1.   Sarah Stillman, Get Out of Jail, Inc., New Yorker (June 16, 2014), https://www.newyorker.com/magazine/2014/06/23/get-out-of-jail-inc (on file with the Columbia Human Rights Law Review).

  2.   Id.

  3.   Id.

  4.   Id.

  5.   Id.

  6.   Id.

  7.   Id.

  8.   Id.

  9.   Id.

  10.  Id.; see, e.g., Hum. Rts. Watch, Profiting from Probation: America’s “Offender-Funded” Probation Industry 1 (2014) (explaining how adherence to a payment plan is a common condition of probation and how failure to make court-ordered payments means that an individual is no longer complying with the terms of their probation).

  11.   Amended Complaint, ¶¶ 6, 18, 20–24, Cleveland v. City of Montgomery, No. 2:13-cv-00732-MEF-TFM, 2014 WL 6461900 (M.D. Ala. Nov. 17, 2014). Fines are monetary punishments for an infraction, misdemeanor, or felony, whereas fees are the administrative costs associated with court-related activities, such as court costs or expenses related to incarceration. Council Econ. Advisors, Fines, Fees, and Bail: Payments in the Criminal Justice System that Disproportionately Impact the Poor 1 (2015), https://obamawhitehouse.archives.gov/sites/default/files/page/files/1215_cea_fine_fee_bail_issue_brief.pdf [https://perma.cc/ZJ4W-9BKQ].

  12.   See Douglas N. Evans, John Jay Coll. Crim. Just., The Debt Penalty; Exposing the Financial Barriers to Offender Reintegration 3–4, 7 (2014) (explaining that the term “LFO” incorporates both fines and fees).

  13.   Alicia Bannon et al., Brennan Ctr. for Just., Criminal Justice Debt: A Barrier to Reentry 1 (2010).

  14.   See, e.g., Mack Finkel, Prison Pol’y Initiative, New Data: Low Incomes–but High Fees–for People on Probation (2019), https://www.prisonpolicy.org/blog/2019/04/09/probation_income/ [https://perma.cc/
    5ZJQ-ZXA5] (describing the high costs of probation and the toll that these costs have on low-income individuals); see also Rachel L. McLean & Michael D. Thompson, Council State Gov’t Just. Ctr., Repaying Debts 7–8 (2007) (“Nationally, two-third of people detained in jails report annual incomes under $12,000 prior to arrest.”).

  15.   Ala. Code § 12-17-225.4 (1975).

  16.   Id. at § 8-8-1.

  17.   Fla. Stat. § 28.246(6) (2020).

  18.   730 Ill. Comp. Stat. 5/5-9-3(e).

  19.   H.R. Rep. No. 732, at 14 (1832). The bill instructed the courts that they would not be permitted to “issue a capias ad satisfaciendum, or any other process . . . upon any judgment at law or final decree in chancery, for payment of money . . . and upon all such contracts and causes of action after judgment, imprisonment shall be totally and absolutely abolished.” Id. (emphasis added).

  20.   Matthew J. Baker et al., Debtor’s Prison in America: An Economic Analysis, 84 J. Econ. Behavior & Org. 216, 219 (2012); see also Devon King, Comment, Toward an Institutional Challenge of Imprisonment for Legal Financial Obligation Nonpayment in Washington State, 90 Wash. L. Rev. 1349, 1356–57 (explaining that imprisonment for debt is currently prohibited by forty-one state constitutions).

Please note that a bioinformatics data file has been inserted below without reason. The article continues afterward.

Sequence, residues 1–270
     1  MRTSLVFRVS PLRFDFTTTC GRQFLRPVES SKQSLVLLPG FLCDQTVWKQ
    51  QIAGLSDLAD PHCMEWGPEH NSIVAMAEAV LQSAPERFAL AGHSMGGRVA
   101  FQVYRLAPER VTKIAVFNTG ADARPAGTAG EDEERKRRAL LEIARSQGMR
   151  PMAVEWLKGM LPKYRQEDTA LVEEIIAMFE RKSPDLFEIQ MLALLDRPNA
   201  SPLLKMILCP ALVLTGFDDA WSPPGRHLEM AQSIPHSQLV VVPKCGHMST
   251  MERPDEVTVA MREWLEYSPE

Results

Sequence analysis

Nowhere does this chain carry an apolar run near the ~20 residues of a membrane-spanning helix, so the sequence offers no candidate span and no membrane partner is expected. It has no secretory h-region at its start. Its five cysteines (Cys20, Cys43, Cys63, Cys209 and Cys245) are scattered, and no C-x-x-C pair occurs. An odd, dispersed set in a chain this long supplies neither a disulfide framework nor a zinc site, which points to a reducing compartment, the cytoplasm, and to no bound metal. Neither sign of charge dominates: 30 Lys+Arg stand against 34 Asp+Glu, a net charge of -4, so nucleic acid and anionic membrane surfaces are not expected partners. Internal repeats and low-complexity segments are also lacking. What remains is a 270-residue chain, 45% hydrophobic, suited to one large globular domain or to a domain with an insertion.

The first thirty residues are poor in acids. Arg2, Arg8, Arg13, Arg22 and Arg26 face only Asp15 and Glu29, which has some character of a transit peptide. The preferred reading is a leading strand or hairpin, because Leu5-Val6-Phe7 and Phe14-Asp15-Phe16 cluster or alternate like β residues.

21.   See, e.g., ACLU, In for a Penny: The Rise of America’s New Debtor’s Prisons 5–8 (2010) (describing how states and counties have sought to rectify budget shortcomings through increased court-related financial penalties) [hereinafter In for a Penny]; see also Myesha Braden et al., Laws. Comm. for C.R. Under L., Too Poor to Pay: How Arkansas’ Offender-Funded Justice System Drives Poverty & Mass Incarceration (2019) (discussing Arkansas’s growing incarceration rate from 2004–2014, despite an overall drop in crime rates during the same period).

  22.   Bearden v. Georgia, 461 U.S. 660, 672–73 (1983); see also infra Section II.A (discussing the meaning of “willful” as used in Bearden v. Georgia).

  23.   See Jaclyn Kurin, Indebted to Injustice: The Meaning of “Willfulness” in a Georgia v. Bearden Ability to Pay Hearing, 27 Geo. Mason U. C. R. L.J. 265, 276–77 (2017) (discussing the legacy of Bearden v. Georgia).

  24.   Bannon et al., supra note 13, at 21.

  25.   See infra Section II.B.

  26.   See, e.g., Sharon Brett & Mitali Nagrecha, Crim. Just. Pol’y Program, Harv. L. Sch., Proportionate Financial Sanctions: Policy Prescriptions for Judicial Reform 9, 13–14 (2019), available at http://cjpp.law.harvard.edu/assets/Proportionate-Financial-Sanctions_layout_FINAL.pdf [https://perma.cc/H2M9-MCGC] (explaining how most current state laws defer to judges’ discretion in determining ability to pay); see also Theresa Zhen & Brandon Greene, E. Bay Cmty. L. Ctr., Pay or Prey: How the Alameda County Criminal Justice System Extracts Wealth from Marginalized Communities 2 (2018), available at https://ebclc.org/wp-content/uploads/2018/10/EBCLC_CrimeJustice_WP_Fnl.pdf [https://perma.cc/
    AG7Q-K3KY] (noting how, despite state law allowing for ability to pay hearings, the procedure is routinely ignored resulting in an average LFO burden of $6,000 for county probationers).

  27.   Bannon et al., supra note 13, at 21–22.

  28.   U.S. Comm’n on C. R., Targeted Fines and Fees Against Low-Income Communities of Color: Civil Rights and Constitutional Implications 19–22 (2017) (describing how the excessive collection of fines and fees can disproportionately harm communities of color); see also Tamar R. Birckhead, The New Peonage, 72 Wash. & Lee L. Rev. 1595, 1668–69 (2015) (concluding that Bearden’s willfulness standard leaves trial court judges with “unfettered discretion to determine which defendants qualify for relief and which do not.”).

  29.   See infra Section II.C (discussing the challenges inherent in making willfulness determinations).

  30.   Id.

  31.   Complaint at 6–7, Fuentes v. Benton Cnty., No. 15-2-02976-1 (Wa. Super. Ct. Oct. 7, 2015), available at https://www.aclu.org/sites/default/files/
    field_document/fuentes_v._benton_county_-_complaint.pdf [https://perma.cc/
    SW4B-HUWG] [hereinafter Fuentes Complaint]; Cain v. City of New Orleans, 281 F. Supp. 3d 624, 628 (E.D. La. 2017), aff’d sub nom. Cain v. White, 937 F.3d 446 (5th Cir. 2019); see also infra Sections III.A–B (discussing recent litigation challenging inadequate ability to pay determinations in violation of Bearden).